One of the ways that PPR continuously monitors the state of the right to housing in the North/in Northern Ireland is through progressively tracking the government’s spend on new build social housing via the Housing Executive, against what it pays out in housing benefit to tenants of private landlords and property management companies.
In the first case, public money is used to build homes that remain a public resource, creating security and genuinely affordable options for generations of social housing tenants. In the latter, state money paid out in housing benefit disappears into private pockets, sometimes subsidising poor housing and little accountability from those landlords motivated by profit rather than the well-being of their tenants.
Here is a snapshot of the two sets of figures, from 2012 to 2022. Ten years ago, nearly five times as much money was paid out in housing benefit to private landlords as was spent building social homes. Today, the balance is shifting in the right direction – but still, nearly twice as much public money is put into the pockets of private landlords as is spent on new public housing.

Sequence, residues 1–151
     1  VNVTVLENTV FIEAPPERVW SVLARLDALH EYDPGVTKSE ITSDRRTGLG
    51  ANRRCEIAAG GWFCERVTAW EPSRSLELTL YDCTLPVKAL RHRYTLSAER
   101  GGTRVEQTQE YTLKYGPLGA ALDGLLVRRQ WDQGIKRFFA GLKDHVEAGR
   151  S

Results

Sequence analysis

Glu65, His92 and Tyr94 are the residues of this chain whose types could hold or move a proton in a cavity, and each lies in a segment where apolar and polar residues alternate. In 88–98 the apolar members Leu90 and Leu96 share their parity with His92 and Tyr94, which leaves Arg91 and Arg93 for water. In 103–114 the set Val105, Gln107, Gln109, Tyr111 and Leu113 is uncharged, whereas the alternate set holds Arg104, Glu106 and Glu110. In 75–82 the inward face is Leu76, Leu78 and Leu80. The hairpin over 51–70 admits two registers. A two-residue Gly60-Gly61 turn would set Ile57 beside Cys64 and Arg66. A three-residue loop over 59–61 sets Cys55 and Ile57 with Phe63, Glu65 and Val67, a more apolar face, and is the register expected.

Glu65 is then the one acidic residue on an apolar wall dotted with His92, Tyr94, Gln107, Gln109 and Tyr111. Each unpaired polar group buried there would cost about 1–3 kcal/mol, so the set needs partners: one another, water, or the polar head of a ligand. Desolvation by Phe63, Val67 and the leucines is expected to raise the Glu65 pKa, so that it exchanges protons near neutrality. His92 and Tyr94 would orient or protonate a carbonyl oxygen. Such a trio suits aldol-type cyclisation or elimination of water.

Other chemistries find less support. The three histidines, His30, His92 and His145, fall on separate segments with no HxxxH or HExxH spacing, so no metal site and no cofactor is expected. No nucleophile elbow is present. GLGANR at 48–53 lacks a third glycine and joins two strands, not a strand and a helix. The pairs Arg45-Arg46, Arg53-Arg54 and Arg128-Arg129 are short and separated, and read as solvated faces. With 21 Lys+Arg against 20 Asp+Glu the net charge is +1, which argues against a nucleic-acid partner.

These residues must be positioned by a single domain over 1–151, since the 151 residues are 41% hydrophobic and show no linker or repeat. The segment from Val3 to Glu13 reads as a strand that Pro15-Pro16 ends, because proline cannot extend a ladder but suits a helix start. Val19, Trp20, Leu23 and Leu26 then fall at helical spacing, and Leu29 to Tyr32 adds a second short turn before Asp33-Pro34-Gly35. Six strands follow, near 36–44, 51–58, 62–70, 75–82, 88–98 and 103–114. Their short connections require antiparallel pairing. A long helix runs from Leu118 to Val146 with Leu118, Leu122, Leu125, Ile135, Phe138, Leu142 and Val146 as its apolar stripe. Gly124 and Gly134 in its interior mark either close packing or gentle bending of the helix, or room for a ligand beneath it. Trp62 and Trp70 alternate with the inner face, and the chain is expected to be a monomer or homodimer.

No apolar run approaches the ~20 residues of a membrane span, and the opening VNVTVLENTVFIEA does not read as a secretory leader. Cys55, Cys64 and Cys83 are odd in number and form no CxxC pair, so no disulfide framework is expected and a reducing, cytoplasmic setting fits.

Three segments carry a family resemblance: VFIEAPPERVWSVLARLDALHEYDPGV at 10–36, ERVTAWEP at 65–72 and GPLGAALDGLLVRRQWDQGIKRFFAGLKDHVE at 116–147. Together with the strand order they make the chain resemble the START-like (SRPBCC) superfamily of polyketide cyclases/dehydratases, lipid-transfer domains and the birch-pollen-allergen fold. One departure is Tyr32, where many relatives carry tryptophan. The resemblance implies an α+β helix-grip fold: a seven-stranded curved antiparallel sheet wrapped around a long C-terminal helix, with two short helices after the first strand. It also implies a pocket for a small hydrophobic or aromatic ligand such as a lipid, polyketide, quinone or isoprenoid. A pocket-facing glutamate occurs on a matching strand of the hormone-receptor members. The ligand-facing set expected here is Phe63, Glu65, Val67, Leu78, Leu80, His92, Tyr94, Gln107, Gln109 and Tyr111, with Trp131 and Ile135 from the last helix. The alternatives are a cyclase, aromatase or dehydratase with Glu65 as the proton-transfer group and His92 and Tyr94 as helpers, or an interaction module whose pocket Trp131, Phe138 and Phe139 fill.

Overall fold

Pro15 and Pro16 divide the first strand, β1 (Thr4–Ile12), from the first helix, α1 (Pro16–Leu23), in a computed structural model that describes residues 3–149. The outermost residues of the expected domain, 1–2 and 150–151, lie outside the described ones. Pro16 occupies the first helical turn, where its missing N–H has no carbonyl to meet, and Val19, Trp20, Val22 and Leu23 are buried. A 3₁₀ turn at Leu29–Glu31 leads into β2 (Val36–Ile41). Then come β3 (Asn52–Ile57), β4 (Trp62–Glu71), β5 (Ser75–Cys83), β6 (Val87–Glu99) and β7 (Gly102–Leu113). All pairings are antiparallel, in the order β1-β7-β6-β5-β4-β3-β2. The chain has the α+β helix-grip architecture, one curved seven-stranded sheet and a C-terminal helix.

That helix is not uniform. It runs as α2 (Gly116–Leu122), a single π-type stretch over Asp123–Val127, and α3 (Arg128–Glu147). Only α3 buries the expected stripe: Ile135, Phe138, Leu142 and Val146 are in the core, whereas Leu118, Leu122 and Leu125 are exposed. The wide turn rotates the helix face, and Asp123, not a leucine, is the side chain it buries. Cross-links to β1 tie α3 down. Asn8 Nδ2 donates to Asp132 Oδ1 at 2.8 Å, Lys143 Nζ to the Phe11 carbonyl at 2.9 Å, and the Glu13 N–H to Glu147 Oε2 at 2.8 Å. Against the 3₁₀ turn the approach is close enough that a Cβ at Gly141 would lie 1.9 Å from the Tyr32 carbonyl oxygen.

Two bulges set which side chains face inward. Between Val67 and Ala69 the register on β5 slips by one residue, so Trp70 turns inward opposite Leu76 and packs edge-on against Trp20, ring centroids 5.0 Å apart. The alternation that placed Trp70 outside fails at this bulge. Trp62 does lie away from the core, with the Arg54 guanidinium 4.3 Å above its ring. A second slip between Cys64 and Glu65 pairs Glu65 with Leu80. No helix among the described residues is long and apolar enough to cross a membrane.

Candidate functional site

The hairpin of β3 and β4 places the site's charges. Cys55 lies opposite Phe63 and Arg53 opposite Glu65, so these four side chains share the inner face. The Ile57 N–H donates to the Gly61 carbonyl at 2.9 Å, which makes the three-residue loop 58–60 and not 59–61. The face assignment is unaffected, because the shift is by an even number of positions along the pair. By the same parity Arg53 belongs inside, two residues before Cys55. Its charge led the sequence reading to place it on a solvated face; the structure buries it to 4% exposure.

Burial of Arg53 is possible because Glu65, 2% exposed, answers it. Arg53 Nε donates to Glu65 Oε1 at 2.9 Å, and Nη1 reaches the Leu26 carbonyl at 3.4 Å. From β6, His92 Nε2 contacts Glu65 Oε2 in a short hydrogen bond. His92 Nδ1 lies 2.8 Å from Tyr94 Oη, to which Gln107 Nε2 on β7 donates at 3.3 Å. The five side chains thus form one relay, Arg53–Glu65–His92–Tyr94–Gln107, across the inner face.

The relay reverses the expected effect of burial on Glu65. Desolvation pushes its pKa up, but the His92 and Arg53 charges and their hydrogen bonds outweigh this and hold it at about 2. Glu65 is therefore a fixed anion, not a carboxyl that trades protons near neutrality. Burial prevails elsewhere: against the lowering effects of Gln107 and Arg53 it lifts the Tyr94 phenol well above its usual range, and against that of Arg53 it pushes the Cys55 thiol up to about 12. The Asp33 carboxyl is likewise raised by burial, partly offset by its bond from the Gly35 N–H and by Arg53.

These figures reveal a recent history of serious underinvestment in social housing, and an over-reliance on the private sector and the market to meet housing need, with associated problems of poor maintenance and lower quality.
Acute housing need is rising. The pandemic exacerbated the already existing trend, and the current surge in the cost of living will have even more of an impact. More progress is needed in reducing reliance on private tenancies amongst low-income households, and in expanding the amount of social housing available.